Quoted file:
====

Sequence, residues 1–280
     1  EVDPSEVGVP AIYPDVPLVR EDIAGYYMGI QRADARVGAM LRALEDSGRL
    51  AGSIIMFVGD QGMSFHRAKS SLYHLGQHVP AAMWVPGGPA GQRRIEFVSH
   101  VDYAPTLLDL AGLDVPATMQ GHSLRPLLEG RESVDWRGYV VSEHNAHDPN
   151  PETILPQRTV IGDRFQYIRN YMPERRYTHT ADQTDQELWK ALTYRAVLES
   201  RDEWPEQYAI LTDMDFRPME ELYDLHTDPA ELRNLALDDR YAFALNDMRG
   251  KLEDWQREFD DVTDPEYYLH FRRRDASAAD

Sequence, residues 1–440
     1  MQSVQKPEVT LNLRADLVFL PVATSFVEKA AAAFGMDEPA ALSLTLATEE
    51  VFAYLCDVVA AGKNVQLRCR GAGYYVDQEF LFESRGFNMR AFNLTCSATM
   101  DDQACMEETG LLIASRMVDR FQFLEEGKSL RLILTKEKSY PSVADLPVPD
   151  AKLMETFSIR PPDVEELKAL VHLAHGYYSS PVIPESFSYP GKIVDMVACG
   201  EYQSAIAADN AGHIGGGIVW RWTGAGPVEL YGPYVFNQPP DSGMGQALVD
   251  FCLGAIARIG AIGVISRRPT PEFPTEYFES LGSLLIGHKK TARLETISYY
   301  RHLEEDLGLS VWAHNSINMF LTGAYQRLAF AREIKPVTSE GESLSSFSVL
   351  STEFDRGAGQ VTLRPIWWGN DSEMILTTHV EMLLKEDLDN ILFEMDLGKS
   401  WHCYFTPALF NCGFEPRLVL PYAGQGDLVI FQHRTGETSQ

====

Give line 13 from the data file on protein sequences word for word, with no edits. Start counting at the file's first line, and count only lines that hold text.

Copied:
   201  EYQSAIAADN AGHIGGGIVW RWTGAGPVEL YGPYVFNQPP DSGMGQALVD